Right out of the gate, a state senator has put a controversial lawsuit against scores of oil and gas companies back on the Legislature’s radar for the upcoming session, targeting an argument used in that case in the first bill filed in the upper chamber for the 2015 session.
Senate Bill 1 is primarily aimed at preventing a new class of lawsuits that could affect property owners, said Sen. Bret Allain, who authored the legislation. But the precedent he is trying to prevent is a part of the Southeast Louisiana Flood Protection Authority-East’s suit accusing oil and gas companies of billions of dollars of damage to coastal wetlands in the New Orleans area.
Allain, who sponsored a measure last year aimed at killing the lawsuit, said the new bill is not “directly aimed” at the Flood Protection Authority’s suit. But the Franklin Republican said he wants to prevent lawsuits based on the specific way the authority is using a part of the state’s civil code, which he said could expand the risk of lawsuits against landowners.
“The danger we thought that it posed for future lawsuits was more than we could stand by and let it idly happen,” Allain said.
Gladstone Jones, the lead attorney on the Flood Protection Authority’s lawsuit, accused Allain of attempting to “do what he failed to do last year” — stop the suit from moving forward — and said there are more important issues for the Legislature to focus on.
“With Louisiana’s budget crumbling, the very first bill in the Louisiana Senate is going to change the rules for oil companies to keep them from having to fix what they broke,” Jones said.
The bill itself would make minor and technical changes to the civil code, adding 11 words to the section dealing with what is known as “servitude of drainage.”
Servitude of drainage imposes certain responsibilities on properties that drain into one another. Essentially, property owners downstream are prohibited from blocking the water from coming onto their property, while those upstream are preventing from doing anything that would lead to a higher flow or flooding on the nearby properties.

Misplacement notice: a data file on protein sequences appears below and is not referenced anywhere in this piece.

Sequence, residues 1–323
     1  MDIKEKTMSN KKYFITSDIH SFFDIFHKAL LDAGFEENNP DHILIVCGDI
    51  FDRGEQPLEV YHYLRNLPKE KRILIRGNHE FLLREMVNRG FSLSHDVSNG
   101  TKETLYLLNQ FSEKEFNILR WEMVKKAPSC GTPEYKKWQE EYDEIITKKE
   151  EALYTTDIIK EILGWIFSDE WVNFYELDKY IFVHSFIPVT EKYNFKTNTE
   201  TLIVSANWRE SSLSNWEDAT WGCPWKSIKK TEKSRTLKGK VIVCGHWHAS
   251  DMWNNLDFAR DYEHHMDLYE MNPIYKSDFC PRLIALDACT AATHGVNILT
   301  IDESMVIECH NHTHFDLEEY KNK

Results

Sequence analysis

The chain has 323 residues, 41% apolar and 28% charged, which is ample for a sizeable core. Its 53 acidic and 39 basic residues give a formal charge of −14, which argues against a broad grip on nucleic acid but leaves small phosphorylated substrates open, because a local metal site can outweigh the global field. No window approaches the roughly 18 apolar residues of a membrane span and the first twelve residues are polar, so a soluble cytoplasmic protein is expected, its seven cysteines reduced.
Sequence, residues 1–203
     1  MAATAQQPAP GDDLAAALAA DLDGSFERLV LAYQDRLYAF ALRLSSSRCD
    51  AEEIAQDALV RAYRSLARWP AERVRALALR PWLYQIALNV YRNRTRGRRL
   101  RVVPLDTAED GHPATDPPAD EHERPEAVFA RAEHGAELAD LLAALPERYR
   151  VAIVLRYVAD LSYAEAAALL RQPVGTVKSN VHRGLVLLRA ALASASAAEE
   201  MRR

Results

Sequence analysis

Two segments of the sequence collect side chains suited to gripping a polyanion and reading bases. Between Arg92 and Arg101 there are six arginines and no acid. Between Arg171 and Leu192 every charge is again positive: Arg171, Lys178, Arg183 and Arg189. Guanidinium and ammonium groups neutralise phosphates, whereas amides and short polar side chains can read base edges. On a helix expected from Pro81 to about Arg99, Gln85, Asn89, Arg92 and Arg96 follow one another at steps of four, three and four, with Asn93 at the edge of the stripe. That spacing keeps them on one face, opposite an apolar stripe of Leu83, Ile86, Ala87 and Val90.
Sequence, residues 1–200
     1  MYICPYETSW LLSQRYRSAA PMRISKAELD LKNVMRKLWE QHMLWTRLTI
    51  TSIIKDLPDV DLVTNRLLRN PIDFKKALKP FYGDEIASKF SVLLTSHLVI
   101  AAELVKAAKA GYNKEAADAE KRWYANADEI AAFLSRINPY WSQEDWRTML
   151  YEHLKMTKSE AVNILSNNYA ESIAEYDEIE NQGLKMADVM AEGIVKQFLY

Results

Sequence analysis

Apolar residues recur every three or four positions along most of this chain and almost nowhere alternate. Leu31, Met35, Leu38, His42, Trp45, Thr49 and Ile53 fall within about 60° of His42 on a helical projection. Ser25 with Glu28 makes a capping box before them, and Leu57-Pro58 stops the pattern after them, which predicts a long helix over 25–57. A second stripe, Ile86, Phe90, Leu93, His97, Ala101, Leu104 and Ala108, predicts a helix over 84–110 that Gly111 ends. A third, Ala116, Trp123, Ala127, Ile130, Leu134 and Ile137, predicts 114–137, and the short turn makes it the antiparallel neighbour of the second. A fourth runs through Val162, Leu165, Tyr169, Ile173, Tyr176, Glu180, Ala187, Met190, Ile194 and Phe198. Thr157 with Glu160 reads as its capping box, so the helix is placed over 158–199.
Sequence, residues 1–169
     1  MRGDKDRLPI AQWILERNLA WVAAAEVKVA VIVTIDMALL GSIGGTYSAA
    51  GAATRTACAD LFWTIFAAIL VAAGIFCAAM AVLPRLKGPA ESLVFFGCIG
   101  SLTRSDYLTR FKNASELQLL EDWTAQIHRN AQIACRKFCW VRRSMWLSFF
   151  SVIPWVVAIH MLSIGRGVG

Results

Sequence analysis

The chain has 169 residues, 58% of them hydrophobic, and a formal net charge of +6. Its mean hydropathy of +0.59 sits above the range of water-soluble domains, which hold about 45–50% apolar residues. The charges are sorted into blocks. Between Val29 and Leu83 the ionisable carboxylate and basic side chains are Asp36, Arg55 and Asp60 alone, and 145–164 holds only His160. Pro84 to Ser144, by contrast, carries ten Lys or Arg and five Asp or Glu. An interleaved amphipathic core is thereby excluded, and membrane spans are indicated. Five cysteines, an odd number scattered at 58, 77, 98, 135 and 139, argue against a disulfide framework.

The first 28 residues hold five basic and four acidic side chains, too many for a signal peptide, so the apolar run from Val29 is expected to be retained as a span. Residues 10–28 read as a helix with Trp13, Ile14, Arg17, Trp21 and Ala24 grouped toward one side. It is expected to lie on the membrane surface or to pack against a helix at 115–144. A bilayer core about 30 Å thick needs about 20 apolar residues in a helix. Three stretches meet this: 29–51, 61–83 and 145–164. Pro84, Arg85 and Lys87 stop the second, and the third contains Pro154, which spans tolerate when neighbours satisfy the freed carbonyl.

The authority’s lawsuit brings up servitude of drainage as one of several, parallel arguments for holding oil and gas companies responsible for damage to the wetlands. The suit’s claim is that the elimination of the marshes allowed more water to flow onto the properties and levees the marshes had surrounded, violating those requirements.
But Allain said that’s a backward reading of the code, which was designed with water flowing from higher elevations to lower ones in mind. He said that could open up new reasons for suits against landowners.
“Although the SLFPA folks did make an argument where the true meaning of servitude of drainage is an inconvenient truth for them, this is not aimed at SLFPA,” Allain said. “This is aimed at preventing new causes of action against landowners in the future.”
Those concerns are shared by the Louisiana Landowners Association, Allain said. That group, which represents large landowners in the state, has fought against expropriation of land. The association has opposed oil and gas companies over so-called “legacy lawsuits” over contaminated properties, though it also has pushed back against the expansion of the state’s official coastal zone, which imparts additional protections to coastal land.
The suit is working its way through two separate court cases. The suit itself is in federal court, where U.S. District Judge Nannette Jolivette Brown is weighing the defendants’ arguments to have the case dismissed.
Then there’s a state court case over whether the authority had the right to bring the suit. That case, in which 24th Judicial District Court Judge Janice Clark in Baton Rouge ruled that the 2014 law aimed at killing the suit did not apply to the authority and is unconstitutional, is being appealed to the state Supreme Court.
If Allain’s bill passes, it’s not clear whether it would actually prevent the levee authority from pursuing its servitude of drainage claims. And even if that part of the suit were invalidated, arguments that the shrinking of the marshland had impaired the effectiveness of the levee system and that oil and gas companies had failed to live up to the terms of their permits could still move forward.
Jones declined to speculate on what the passage of the bill might mean for the lawsuit.
“If there’s one thing I know about them, they’re very tenacious and very bright guys. They’ll find a way around it,” Allain said. “But I’m not going to sit idly by while people implicate the rights of landowners.”
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